Sam Ikin  19:33

So where did you get involved in prevention strategies and initiatives and all the things you’ve been talking about?

Bryn Austin  19:39

Probably five, eight years after I graduated, I was at the American Public Health Association Conference, which is our big national public health, it covers every topic. And I was back at the hotel room with a colleague after having spent one of the days there and I said, “You know what, there’s nothing on eating disorders here, same last year same the year before.”

She was like, “Stop complaining and do something about it.” And that was one of those lightbulb moments, I realised, Oh, this isn’t going to change unless we can address the pipeline in public health to get people thinking about prevention and bringing them into the field.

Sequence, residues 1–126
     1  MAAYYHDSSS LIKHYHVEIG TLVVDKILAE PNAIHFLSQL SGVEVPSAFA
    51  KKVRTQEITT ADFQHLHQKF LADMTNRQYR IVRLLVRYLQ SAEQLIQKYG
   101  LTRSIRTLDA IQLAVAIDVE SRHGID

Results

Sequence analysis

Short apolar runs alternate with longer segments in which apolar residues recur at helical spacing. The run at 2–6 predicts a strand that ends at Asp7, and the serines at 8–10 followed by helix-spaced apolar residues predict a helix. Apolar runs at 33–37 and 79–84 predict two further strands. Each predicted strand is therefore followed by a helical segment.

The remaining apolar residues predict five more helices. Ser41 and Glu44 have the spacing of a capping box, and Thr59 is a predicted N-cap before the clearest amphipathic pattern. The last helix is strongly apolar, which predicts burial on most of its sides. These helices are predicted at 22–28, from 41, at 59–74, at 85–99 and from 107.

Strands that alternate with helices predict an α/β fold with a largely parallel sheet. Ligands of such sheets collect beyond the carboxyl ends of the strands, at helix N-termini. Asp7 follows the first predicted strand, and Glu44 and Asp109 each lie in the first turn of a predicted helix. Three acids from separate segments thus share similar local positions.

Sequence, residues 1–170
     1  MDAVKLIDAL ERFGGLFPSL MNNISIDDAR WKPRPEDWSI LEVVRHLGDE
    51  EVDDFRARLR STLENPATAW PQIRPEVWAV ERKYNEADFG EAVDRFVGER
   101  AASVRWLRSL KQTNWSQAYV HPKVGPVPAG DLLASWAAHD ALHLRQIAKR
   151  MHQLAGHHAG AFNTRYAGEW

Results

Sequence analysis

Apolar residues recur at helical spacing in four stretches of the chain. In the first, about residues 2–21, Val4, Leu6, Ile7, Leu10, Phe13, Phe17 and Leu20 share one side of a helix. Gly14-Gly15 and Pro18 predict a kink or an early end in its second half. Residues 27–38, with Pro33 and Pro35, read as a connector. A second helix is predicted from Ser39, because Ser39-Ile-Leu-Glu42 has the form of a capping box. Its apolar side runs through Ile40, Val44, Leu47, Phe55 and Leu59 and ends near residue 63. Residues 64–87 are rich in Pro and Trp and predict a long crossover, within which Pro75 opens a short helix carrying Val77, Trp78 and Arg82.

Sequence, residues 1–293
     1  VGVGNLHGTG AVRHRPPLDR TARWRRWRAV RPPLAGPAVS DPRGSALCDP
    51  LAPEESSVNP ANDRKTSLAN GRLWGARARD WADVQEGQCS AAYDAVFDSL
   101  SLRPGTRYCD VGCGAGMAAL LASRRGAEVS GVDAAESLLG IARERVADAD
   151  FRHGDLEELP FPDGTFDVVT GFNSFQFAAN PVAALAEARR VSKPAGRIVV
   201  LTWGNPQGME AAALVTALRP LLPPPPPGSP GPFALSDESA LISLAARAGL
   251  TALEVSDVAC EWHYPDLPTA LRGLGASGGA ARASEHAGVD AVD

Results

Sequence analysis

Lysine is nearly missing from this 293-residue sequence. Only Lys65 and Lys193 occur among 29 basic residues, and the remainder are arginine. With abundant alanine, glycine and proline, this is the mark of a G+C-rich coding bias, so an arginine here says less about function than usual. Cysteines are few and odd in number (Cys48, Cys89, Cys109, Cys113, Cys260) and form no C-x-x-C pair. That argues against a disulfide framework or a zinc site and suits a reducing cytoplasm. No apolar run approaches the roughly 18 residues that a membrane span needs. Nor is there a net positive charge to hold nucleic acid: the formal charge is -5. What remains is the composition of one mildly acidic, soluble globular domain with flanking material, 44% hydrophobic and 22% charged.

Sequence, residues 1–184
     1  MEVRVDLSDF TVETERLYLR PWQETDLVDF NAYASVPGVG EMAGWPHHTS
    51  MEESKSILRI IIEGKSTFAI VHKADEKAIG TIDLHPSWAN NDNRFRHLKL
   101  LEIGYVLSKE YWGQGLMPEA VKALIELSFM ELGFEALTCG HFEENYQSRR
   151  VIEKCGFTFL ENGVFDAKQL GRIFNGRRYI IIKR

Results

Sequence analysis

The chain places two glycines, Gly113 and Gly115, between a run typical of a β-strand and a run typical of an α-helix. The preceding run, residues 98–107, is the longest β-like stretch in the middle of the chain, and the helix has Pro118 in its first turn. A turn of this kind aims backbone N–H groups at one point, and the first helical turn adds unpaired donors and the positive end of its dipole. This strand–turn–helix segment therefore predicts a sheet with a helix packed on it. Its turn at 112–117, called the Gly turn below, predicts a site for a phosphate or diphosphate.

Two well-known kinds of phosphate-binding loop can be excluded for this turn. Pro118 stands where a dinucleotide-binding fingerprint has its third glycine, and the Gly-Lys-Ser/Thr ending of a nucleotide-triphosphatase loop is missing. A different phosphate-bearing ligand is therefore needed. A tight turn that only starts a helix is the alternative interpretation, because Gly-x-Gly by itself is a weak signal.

And that’s what led to the creation of my programmes STRIPED. Strategic Training Initiative for Prevention of Eating Disorders. We call it a public health incubator.

And it’s the the the first programme like this dedicated to prevention, research and training at a public health school with a full on, really both feet in public health, bringing a new perspective to how we do that, and we’re very focused on training because it’s not just about what we do, it’s about helping to build the next generation, who can bring public health approaches to prevention.

And the reason this is so important is no matter how good your intervention is, whether it’s for treatment or prevention, if it can’t be scaled up, if it is not considered something that’s practical, acceptable, cost effective by communities, it’s going to have no future, which means nobody’s going to benefit from it, other than through the original research that’s done. We have to be thinking about, how can how can this idea this programme, how is this going to work out in the real world?